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Tampa Bay Buccaneers

Rondé Barber Set Out to Be Uncommon, Ended up in Canton

As his incredible football journey came to its rightful end at the Pro Football Hall of Fame on Sunday, Class of 2023 inductee Rondé Barber reflected on what fueled him early in his career to refuse to be ordinary

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By his own seemingly awestruck admission, Rondé Barber brought his football journey to an end on Saturday when he was inducted into the Pro Football Hall of Fame as part of the Class of 2023. It was a journey that spanned four decades and didn't always appear to be pointed towards a bronze bust in Canton, Ohio.

Barber, now one of the Tampa Bay Buccaneers' most legendary performers, was one of two cornerbacks included in the Class of 2023, as he joined long-time New York Jets star Darrelle Revis, who was also briefly a Buccaneer. Revis was the 14th-overall pick in the 2007 NFL Draft and a standout from the moment he stepped on an NFL field. Barber was taken in the middle of the third round of the 1997 draft. Revis was a Pro Bowler by his second season and a first-team All-Pro by his third. Barber had to wait a bit longer for those awards, and was occasionally slighted even later in his career.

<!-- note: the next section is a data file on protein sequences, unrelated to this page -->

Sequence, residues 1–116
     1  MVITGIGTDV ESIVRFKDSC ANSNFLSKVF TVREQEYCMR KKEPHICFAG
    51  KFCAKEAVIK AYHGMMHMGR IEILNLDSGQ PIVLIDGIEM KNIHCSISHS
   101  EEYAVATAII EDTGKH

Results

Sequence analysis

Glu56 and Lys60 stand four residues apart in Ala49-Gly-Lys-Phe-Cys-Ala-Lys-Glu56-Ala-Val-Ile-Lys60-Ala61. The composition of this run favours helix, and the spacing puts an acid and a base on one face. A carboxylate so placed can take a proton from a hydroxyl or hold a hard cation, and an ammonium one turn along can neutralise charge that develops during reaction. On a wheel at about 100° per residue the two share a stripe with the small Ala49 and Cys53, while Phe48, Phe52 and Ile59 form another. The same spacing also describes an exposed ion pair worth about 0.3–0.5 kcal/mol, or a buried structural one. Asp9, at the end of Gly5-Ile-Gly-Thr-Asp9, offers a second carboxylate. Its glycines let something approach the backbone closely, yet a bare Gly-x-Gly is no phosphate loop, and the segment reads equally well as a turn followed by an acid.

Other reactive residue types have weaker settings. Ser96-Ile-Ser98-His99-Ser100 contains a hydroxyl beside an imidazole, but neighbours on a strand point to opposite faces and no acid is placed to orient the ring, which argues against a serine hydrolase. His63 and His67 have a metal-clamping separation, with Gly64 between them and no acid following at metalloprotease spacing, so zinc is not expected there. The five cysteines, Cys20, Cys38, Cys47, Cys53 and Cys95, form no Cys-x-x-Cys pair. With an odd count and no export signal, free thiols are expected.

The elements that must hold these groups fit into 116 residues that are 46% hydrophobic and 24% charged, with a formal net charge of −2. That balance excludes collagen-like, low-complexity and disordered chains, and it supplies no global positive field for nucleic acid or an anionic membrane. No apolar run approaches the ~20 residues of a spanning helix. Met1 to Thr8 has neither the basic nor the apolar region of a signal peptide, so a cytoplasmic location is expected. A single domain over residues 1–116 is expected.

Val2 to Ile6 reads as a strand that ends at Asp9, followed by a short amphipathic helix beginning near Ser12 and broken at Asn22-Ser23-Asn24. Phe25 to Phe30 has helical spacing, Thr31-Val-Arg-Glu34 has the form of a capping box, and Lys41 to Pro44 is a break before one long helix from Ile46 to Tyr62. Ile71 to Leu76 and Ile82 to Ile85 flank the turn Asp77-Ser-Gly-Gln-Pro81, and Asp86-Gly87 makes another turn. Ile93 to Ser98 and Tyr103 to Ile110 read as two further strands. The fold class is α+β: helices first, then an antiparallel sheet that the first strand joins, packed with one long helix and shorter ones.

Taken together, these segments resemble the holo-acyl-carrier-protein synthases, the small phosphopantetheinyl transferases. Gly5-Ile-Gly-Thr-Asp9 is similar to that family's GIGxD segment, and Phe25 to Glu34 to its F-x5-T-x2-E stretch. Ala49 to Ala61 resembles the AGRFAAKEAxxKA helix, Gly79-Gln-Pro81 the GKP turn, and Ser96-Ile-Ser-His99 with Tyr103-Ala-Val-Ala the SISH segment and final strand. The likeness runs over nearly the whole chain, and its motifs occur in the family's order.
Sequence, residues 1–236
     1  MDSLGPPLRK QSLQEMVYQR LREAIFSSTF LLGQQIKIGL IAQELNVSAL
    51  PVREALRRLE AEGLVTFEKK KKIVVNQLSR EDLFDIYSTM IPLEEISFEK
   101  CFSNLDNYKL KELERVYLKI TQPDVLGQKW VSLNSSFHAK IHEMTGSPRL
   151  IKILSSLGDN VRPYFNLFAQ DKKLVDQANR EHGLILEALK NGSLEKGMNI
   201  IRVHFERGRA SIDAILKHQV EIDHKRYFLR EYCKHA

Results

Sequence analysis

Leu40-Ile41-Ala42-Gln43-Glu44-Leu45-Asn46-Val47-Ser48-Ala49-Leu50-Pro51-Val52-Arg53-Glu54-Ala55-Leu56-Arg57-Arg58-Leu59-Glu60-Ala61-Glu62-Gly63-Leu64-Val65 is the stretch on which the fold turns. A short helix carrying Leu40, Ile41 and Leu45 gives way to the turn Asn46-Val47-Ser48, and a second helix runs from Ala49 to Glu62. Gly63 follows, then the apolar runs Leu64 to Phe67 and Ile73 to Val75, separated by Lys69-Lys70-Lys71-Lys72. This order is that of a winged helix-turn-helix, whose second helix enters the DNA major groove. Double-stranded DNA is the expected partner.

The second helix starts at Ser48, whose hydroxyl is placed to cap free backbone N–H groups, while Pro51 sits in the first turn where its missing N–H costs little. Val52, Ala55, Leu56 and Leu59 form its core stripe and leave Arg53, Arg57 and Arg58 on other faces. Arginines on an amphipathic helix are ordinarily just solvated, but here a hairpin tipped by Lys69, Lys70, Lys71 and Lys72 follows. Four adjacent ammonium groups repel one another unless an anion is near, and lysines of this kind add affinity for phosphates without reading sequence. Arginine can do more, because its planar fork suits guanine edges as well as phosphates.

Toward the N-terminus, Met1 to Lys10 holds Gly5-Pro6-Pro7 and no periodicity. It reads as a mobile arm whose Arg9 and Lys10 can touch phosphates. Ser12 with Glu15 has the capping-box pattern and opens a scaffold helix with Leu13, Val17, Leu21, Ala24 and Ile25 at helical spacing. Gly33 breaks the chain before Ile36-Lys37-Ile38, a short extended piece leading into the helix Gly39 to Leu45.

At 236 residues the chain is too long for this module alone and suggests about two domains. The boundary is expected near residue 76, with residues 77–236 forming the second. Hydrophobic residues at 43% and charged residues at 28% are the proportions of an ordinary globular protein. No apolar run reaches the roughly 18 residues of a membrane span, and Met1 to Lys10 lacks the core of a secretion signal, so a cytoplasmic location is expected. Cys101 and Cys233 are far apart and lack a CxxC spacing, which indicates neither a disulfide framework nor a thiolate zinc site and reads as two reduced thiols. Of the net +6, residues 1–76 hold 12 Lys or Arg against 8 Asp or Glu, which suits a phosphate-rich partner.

"I was not Darrelle Revis," Barber said in his acceptance speech on Saturday. "Trust me, I was not that guy. But not all of us are anointed, right, or are can't-miss prospects, proclaimed to be future Hall-of-Famers on Day One of our career. In fact, most guys are quietly fighting that real crisis of confidence, wondering if you're good enough. And there were plenty of doubts about me. Now that I'm here, I think I owe a very small thanks, to those of you who, for whatever reasons, questioned [me], either undervalued, underestimated [or] underappreciated me. It gave me the motivation to not only outwork my peers but to be better than the expectations of me.

Barber has to include himself among those doubters, at least at one point before he decided to chart his own unique path to greatness. He could barely get on the field as a rookie in 1997, playing in just one regular season game, and was still not feeling particularly settled in his second season, even as he started to get playing time alongside Donnie Abraham and Anthony Parker and began to sprinkle in some of the big plays he would become known for.